Gary Moller: [DipPhEd PGDipRehab PGDipSportMed(Otago)FCE Certified, Kordel's and Nutra-Life Certified Natural Health Consultant]. ICL Laboratories registered Hair Tissue Mineral Analysis and Medical Nutrition Consultant.

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Wednesday, May 23, 2007

What are the health risks of low vitamin D and how much should I take as a supplement?

The high rate of natural production of vitamin D in the skin is the single most important fact every person should know about vitamin D because it has such profound implications for health and vitality. In the last year that I have been getting people to have their vitamin D levels tested, not one has returned with an optimum result, including myself. this is an appalling result that has serious implications for the health of New Zealanders.

Photo: A ridiculous requirement: Polynesian kids hiding from the sun on a sunless Autumn day in Wellington City!

What is vitamin D?
Vitamin D is a steroid hormone precursor that has recently been found to play a role in a wide variety of diseases. Vitamin D deficiency plays a role in causing:
  • Seventeen varieties of cancer
  • Heart disease
  • Stroke
  • Hypertension
  • Autoimmune diseases like multiple sclerosis and rheumatoid arthritis
  • Diabetes
  • Depression
  • Chronic pain
  • Osteoarthritis
  • Osteoporosis
  • Muscle weakness
  • Muscle wasting
  • Birth defects
  • Periodontal disease
The list seems to be growing by the day.

This does not mean that vitamin D is the only cause of these diseases, or that you will not get them if you take vitamin D. What it does mean is that the possiblility of vitamin D deficiency should always be considered when dealing with these and related ailments; especially in those cases where there has been a failure to recover. It also means that health professionals and public health officials must review and revise their policies about being "Sun Smart" because these may be contributing to causing far more disease than they might be preventing. This is especially the case for dark-skinned people, like my partner and our children, who may require 20-50 times as much sunlight to be healthy as compared to white-skinned people like myself.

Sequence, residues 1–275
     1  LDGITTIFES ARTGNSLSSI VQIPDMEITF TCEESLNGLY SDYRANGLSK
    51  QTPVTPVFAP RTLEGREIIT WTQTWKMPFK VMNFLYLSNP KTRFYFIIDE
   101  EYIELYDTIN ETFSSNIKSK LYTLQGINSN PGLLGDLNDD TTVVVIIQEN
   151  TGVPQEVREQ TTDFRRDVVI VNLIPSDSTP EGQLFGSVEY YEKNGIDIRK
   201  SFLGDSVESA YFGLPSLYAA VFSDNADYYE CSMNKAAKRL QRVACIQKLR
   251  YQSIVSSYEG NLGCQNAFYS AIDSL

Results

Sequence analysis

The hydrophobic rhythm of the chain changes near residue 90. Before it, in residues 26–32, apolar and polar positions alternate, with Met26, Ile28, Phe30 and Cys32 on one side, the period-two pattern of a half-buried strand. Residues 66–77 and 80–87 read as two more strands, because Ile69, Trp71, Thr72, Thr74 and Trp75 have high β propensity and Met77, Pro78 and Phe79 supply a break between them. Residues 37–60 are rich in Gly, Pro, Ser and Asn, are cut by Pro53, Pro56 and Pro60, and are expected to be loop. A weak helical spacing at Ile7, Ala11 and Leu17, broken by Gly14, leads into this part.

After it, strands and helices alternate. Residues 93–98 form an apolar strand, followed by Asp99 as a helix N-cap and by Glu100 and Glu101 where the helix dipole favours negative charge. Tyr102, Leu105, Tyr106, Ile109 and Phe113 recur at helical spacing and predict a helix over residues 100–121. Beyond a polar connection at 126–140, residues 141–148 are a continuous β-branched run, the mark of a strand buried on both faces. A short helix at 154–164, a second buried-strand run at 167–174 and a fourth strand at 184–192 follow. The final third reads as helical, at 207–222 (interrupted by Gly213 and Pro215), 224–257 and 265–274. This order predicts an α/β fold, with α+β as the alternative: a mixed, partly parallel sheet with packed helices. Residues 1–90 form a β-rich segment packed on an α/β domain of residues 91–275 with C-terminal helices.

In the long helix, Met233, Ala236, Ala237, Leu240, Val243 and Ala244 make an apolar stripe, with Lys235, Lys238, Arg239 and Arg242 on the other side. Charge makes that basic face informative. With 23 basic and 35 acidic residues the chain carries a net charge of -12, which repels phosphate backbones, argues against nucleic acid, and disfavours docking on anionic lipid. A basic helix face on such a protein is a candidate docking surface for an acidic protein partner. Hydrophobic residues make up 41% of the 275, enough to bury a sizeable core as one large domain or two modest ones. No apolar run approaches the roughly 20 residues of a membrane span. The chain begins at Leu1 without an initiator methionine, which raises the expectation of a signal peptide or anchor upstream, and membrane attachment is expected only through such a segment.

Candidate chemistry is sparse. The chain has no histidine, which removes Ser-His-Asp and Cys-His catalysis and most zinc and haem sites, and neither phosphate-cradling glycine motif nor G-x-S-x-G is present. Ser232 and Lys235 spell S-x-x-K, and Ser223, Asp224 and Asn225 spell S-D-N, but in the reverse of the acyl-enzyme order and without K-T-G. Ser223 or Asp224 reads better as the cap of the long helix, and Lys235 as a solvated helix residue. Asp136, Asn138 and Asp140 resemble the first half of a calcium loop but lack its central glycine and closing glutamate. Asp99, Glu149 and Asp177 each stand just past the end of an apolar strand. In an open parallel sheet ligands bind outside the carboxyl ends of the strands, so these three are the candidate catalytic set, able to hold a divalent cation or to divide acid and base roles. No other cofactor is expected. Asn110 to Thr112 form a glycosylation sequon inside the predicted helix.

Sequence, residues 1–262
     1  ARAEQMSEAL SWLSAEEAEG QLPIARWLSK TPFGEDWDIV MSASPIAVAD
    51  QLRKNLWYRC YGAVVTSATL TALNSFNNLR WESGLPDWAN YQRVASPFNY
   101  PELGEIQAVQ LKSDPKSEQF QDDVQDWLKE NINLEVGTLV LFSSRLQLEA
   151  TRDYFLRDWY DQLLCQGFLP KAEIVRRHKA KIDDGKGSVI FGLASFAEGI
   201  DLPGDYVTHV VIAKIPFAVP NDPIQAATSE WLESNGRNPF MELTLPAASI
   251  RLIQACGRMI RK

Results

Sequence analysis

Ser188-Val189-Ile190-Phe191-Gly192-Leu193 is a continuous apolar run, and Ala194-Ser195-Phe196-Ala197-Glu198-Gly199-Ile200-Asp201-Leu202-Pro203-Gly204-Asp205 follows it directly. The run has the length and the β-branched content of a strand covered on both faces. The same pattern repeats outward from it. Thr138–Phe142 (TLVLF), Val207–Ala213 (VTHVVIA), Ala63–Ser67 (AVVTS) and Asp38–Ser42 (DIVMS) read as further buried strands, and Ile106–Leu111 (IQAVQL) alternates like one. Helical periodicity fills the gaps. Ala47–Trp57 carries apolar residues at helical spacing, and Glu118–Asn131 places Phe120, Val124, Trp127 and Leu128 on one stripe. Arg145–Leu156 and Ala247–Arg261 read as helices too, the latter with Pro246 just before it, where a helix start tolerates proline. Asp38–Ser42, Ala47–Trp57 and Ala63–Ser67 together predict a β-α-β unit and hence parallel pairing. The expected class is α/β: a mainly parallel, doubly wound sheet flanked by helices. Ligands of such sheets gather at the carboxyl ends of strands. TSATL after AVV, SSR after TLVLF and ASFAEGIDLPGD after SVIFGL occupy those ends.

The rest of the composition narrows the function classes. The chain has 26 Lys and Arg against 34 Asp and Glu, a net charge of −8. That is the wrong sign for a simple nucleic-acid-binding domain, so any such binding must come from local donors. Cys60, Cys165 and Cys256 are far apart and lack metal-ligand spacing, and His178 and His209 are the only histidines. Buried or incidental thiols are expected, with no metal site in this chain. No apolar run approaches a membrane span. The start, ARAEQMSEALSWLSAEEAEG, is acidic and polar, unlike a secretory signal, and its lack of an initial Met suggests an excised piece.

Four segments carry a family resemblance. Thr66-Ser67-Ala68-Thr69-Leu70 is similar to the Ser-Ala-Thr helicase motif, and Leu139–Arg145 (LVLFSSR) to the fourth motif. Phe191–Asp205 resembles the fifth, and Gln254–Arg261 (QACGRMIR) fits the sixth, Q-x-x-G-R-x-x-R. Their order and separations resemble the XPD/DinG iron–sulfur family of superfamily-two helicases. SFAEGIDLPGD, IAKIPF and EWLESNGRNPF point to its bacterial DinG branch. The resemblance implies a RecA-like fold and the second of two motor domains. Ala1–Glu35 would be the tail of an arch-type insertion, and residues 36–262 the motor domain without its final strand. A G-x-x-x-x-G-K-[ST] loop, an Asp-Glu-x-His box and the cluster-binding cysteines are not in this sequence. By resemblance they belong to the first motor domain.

It bothers me constantly that vitamin D deficiency is seldom investigated as a potential factor in ill health. It bothers me even more when a blood test is ordered and the results are not properly interpreted.

Where does vitamin D come from?
Vitamin D comes pricipally from exposure of the skin to sunlight. The UVB rays convert cholesterol into vitamin D. Most of us make about 20,000 units of vitamin D after about 20 minutes of summer sun. This is about 100 times more vitamin D than the health experts say you need every day. If you are not getting vitamin D from sunlight then you need up to 4,000 units per day through diet (about 40 glasses of milk per day). Good dietary sources are:
  • Cod liver oil
  • Oily Fish
  • Eggs
  • Animal liver and other organs
  • Dairy products
This assumes that the animals, including the chickens and cows have been raised in open fields where they have been able to get plenty of sunshine themselves.

During days of no sunlight and during winter you may supplement with up to 2,000 units of vitamin D which you can get from Red Seal cod liver oil capsules (200 units per capsule) or Thompson's Vitamin D (2 capsules provide 2,000 units) available from .

Nutritents that are critical for health, including vitamind D, E and A are fat soluble. If you are on a fat free or cholesterol-lowering diet, your ability to uptake these nutrients through your digestive system and to put them to good use in your body may be severely compromised. You must take in fat with these vitamins. This is one reason why fat-free cholesterol lowering diets and medications are often associated with declining health.

If you have not already done so, go and ask your doctor for a blood test for vitamin D - even if you are presently healthy, then keep the results and compare successive results as the years go by. Write to me if you need assistance with interpreting the results.

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